21. Natural transformations and the Eilenberg-Steenrod Axioms
In this lecture we finally give a precise meaning to the word "naturality".
Pro Tip: You can now annoy all your other lecturers by sticking your hand up in class up as soon as they say something like "and so blah-blah $X$ is naturally isomorphic to $Y$", and demanding to know the precise categorical setting. "Excuse me, Professor, could you please tell me exactly which natural transformation you had in mind?"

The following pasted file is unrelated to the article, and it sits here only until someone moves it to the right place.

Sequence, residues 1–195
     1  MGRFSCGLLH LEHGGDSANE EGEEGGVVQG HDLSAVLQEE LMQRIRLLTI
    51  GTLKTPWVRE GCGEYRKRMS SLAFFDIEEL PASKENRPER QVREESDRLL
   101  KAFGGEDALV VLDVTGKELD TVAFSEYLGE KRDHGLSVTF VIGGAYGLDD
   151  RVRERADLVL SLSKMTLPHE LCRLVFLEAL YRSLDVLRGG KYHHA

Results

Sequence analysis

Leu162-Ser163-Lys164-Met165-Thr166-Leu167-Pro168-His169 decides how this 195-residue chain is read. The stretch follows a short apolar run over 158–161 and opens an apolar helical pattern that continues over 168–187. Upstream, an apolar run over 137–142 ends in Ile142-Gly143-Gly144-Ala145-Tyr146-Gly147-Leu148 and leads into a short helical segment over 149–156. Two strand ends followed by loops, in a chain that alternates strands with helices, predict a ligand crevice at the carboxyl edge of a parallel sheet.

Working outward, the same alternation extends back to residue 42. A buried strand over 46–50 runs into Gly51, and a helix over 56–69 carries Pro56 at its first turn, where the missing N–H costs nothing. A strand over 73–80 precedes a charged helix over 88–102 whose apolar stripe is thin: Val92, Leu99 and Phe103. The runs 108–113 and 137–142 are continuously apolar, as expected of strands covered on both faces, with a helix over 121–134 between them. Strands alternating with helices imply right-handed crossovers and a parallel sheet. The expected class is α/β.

We then stated the famous Eilenberg-Steenrod Axioms for a homology theory, and formulated the main "existence and uniqueness" result. This is too hard to prove, so we finished the lecture by stating a "baby" version (albeit still highly non-trivial). We will prove the baby version on Friday.
This is maximally effective if the course you are taking is say, Linear Analysis for Biologists, or something... 😈 ↩︎